Problem Environments Uncertain Environments They are so poor in information that it is difficult even to assign probabilities to the likely outcomes of alternatives. Groups and creative problem solving techniques are frequently used in these situations.
How Managers Deal With Problems Problem Avoiders - Inactive Those who ignore information that would otherwise signal the presence of a problem. Problem Solvers - Reactive Those who try to solve problems when they arise. Problem Seekers - Proactive Those who actively look for problems to solve, or opportunities to explore as a matter of routine.
How Managers Deal With Problems Systematic Thinkers Approaches problems in a rational step-by- step, and analytical fashion. * Planning before action * Ordered search for information *Conscious of their approach *Break down complex problems into smaller components and then address them in a logical and integrated fashion.
How Managers Deal With Problems Intuitive Thinkers Approach problems in a flexible, spontaneous, and quite often, a creative way. * They provide imaginative responses to problems based on a quick and broad evaluation * They rely on unverbalized cues and hunches,... defend solutions in terms of “fit”. * Most effective in high uncertain environments.
How Managers Deal With Problems Multidimensional Thinkers Those with the capacity to view many problems at once, in relationship to one another, and across long and short time horizons. Strategic Opportunism The ability to remain focused on long-term objectives by being flexible in dealing with short- term problems and opportunities as they occur.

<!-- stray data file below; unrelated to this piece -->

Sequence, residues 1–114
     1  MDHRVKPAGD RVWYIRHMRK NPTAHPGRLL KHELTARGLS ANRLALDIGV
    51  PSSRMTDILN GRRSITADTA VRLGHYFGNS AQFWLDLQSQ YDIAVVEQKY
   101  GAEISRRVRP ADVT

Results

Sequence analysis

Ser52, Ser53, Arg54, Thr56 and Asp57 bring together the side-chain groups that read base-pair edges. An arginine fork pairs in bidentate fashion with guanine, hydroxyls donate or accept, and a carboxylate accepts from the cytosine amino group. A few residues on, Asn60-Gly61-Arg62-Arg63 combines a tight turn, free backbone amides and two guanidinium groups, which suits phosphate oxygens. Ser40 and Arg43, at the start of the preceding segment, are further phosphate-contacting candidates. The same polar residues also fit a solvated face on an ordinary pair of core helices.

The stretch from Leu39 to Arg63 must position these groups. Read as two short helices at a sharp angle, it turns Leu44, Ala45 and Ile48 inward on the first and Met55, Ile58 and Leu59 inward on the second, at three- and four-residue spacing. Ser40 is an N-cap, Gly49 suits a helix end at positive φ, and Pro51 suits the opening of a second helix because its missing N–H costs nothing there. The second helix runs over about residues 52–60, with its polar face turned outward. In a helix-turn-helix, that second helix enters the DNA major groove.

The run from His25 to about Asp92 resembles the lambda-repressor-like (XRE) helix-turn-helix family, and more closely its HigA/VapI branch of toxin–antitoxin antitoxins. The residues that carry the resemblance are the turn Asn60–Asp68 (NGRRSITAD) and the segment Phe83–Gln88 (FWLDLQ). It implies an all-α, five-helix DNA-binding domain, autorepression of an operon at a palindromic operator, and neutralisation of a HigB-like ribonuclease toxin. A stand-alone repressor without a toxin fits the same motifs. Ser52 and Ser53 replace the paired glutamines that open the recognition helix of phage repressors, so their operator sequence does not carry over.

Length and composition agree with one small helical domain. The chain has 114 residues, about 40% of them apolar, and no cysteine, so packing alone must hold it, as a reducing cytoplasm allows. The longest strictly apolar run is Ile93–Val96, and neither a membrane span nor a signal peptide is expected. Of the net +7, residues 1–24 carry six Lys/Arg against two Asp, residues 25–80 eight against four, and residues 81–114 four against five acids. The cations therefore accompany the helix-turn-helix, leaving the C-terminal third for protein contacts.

The Problem Solving Process Find and define the problem Generate and evaluate alternative solutions Select preferred solution and conduct ethics double-check Implement the solution Evaluate the results
Finding and Defining the Problem Find the Problem Identify the gaps between actual and desired states of affaire, and determine their causes. Gather information. * Don’t define the problem too broadly or too narrowly. *Don’t focus on symptoms instead of causes. *Don’t choose the wrong problem to deal with.
Generate and Evaluate Possible Solutions Criteria for Evaluating Alternatives –Benefits - What is gained or resolved? –Costs - How much and how risky? –Timeliness - How fast will things occur? –Acceptability -Acceptance and support by those who must live with the decision. –Ethical Soundness - Does it meet with the acceptable ethical criteria of the various stakeholders?
Choose a Solution and Conduct the Ethical Double-Check Management Theory Recognizes Differences Between Two Major Models of Decision Making: –Classical Decision Model - describes how managers should ideally make decisions using complete information. (Optimizing) –Administrative Decision Model - describes how managers act in situations of limited information and bounded rationality. (Satisficing)
Choose a Solution and Conduct the Ethical Double-Check Judgmental Heuristics Heuristics are strategies for simplifying decision making. There are three specific and common approaches, identified as judgmental, that have potential biases: – Availability Heuristic – Representative Heuristic – Anchoring and Adjustment Heuristic
Choose a Solution and Conduct the Ethical Double-Check Escalating Commitments Another potential decision-making error…..it is the tendency to continue to pursue a course of action, even though it is not working. Don’t forget the Ethics Double-Check
Implement the Solution Take Action to Ensure That the Solution Decided Upon Becomes a Reality. Avoid the lack-of-participation error - the failure to adequately involve those persons whose support is necessary to ensure a decision’s complete implementation.
Evaluate Results Compare the actual and desired results to insure that the problem has really been solved.